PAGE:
If ever a situation needed a character in charge with a certain amount of diligence and care, it’s the US-China trade war. Unfortunately, that’s not really in Donald Trump’s nature. The trade war was once a blazing fire burning economies across the globe, but it had been somewhat contained. This week, though, things took a turn for the worst. Following China allegedly going back on a previous deal, Trump has abandoned the steady approach and has gone straight for the gasoline – cue the fire intensifying.
Source: CDC Global/CC BY 2.0)
The story so far…
Trump has been a vocal opposer of the dependency the US manufacturing industry has on the Chinese economy for a while now, with a large number of companies opting to produce in China to take advantage of lower costs. Part of his election campaign was focussed on rectifying the trade deficit the US has with China.
In January 2018, the President consequently implemented tariffs on washing machines and solar panels, and in doing so started what is largely considered as the largest trade war in history.
Things progressively escalated and more Chinese imports were put in place. The Chinese then retaliated in June 2018 with plans for retaliatory tariffs on $50 billion worth of US imports. Tit-for-tat continued from this point, with tariff increases hitting 10-25%.
In December 2018, Christmas good-will seemingly took over as both sides agreed a 90-day ‘ceasefire’ on imposing any additional tariffs while talks on a solution took place. The proposed tariffs on $200 billion of Chinese goods scheduled for 1 January were subsequently postponed until March.
Despite extending the deadline for the new tariffs indefinitely just three months earlier, talks broke down in May 2019 and Trump tweets his intention to raise tariffs to 25% on $200 billion worth of goods.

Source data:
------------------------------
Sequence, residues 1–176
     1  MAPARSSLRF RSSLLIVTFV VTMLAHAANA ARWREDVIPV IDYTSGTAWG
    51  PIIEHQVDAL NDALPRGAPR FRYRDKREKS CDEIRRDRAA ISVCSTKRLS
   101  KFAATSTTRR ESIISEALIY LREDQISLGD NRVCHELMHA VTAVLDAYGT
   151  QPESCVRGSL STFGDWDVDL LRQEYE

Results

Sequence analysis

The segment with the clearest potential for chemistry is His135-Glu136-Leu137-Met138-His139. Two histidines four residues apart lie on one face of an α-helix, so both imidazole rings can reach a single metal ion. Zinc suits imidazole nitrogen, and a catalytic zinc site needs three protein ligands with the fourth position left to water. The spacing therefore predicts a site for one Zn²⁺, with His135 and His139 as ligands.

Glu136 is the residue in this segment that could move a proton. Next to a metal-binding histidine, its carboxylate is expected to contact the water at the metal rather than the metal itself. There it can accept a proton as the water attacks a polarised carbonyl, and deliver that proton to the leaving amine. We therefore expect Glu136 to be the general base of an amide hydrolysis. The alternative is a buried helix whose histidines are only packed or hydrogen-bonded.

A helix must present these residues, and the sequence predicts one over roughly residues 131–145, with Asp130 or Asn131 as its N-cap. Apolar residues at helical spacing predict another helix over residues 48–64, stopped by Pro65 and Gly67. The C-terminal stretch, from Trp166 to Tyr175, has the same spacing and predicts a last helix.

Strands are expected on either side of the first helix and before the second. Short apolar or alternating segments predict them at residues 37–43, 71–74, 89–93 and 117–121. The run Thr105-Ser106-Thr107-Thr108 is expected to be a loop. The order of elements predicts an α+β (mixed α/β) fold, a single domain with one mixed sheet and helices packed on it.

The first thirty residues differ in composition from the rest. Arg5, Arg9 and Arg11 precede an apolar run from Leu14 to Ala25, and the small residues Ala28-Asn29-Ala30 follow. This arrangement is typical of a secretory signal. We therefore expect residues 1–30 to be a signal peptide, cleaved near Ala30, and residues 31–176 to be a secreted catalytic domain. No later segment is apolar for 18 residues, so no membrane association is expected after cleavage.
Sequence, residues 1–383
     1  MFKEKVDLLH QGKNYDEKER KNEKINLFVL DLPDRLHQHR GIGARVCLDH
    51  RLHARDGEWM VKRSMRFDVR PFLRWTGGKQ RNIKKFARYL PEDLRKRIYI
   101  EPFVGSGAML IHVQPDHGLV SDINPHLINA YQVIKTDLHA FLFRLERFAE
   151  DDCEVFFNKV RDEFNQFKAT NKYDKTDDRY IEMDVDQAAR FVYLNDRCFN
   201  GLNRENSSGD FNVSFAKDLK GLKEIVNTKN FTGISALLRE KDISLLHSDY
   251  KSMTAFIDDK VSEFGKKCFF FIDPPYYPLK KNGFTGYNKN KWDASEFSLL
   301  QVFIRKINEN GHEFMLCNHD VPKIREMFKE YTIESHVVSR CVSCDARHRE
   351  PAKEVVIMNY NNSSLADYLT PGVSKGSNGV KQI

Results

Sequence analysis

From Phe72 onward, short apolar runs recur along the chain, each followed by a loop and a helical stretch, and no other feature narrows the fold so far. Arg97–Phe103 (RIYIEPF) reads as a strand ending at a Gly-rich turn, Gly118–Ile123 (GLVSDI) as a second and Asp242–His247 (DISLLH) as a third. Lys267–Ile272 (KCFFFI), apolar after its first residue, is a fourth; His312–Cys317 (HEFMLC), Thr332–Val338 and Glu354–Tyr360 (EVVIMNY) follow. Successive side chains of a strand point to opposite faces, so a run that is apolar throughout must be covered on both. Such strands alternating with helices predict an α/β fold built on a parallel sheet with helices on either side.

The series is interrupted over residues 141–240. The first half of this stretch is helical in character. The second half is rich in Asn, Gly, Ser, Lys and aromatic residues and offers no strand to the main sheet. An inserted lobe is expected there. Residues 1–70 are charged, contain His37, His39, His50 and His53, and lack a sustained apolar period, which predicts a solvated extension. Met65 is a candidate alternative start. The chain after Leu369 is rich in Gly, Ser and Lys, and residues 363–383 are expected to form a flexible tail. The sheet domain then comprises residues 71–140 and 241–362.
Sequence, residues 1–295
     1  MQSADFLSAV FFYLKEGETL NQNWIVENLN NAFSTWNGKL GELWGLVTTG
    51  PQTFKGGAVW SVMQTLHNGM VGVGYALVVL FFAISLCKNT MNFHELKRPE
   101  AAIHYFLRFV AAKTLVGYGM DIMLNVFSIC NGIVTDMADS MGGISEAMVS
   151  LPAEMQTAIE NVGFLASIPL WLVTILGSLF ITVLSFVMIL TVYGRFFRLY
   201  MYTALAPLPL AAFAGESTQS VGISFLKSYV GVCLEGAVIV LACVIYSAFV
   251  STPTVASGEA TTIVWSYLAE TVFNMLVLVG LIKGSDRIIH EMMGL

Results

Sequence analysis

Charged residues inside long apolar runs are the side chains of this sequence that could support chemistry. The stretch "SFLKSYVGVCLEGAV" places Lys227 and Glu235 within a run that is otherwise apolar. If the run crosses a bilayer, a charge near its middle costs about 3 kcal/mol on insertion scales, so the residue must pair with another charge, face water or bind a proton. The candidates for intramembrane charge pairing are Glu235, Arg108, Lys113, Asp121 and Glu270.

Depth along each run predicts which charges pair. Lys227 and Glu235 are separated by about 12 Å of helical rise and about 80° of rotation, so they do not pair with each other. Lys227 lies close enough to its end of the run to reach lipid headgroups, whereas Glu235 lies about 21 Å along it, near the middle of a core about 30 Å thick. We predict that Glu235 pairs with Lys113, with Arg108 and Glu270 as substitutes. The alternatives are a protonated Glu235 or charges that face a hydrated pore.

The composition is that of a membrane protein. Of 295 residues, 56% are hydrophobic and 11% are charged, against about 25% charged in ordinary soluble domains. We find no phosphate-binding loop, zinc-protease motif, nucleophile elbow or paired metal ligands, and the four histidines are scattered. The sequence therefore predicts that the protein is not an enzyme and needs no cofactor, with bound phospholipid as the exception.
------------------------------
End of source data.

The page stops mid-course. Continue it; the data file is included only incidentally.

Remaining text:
It’s the hope that kills you
Markets, particularly the Dow and S&P 500, have performed exceptionally well since the turn of the year. This has largely been credited to the improved relations between the US and China. Things had seemed positive, with no new tariffs being implemented and both sides seemingly keen to get a deal over the line.
The progress and improving relationship between the two nations had given traders hope that a deal was imminent.
However, having got a taste of what peace may be like, the markets have quickly swung in the opposite direction following the latest breakdown in talks. In essence, the fact that things were seemingly heading in the right direction before taking an unexpected U-turn has perhaps hindered the markets as much as if there was never any progress in the first place.
What’s happening now with the US-China trade war?
Economic peace between the US and China has been damaged in the last week following the Chinese reportedly going back on a previously agreed trade deal. Trump quickly reacted by threatening to raise tariffs on $200 billion worth of goods.
The US’ stance on this dispute, that’s been a detriment to the global economy, is one of resoluteness. Trump wants to reduce its trade deficit with China by getting them to agree to buy more US imports. To some degree, the US is in a no-lose situation, according to the President anyway. If China don’t agree to buy more US imports and the tariffs remain, US firms will be encouraged to buy domestically as it will, theoretically, work out cheaper than importing from now-tariffed China. Trump also argues US jobs should also be created with a reduction in the outsourcing of labour. Having said that, an agreement will surely be the quickest and most effective outcome.
How have the markets reacted?
Unsurprisingly, the DAX, Dow, S&P 500 and UK100 have all been down since the escalation of the trade war last week. The shift of dynamics from progress heading in the right direction to more severe tariffs being imposed and an overall intensification of trade relations between two economic superpowers has, if nothing else, caused a fresh wave of uncertainty through the markets.
In the coming weeks, close attention should be paid on what other tariffs are proposed. Progression between the world’s two largest economies will almost definitely have the biggest baring on whether these indices will pick up, stagnate or continue to fall in the foreseeable future.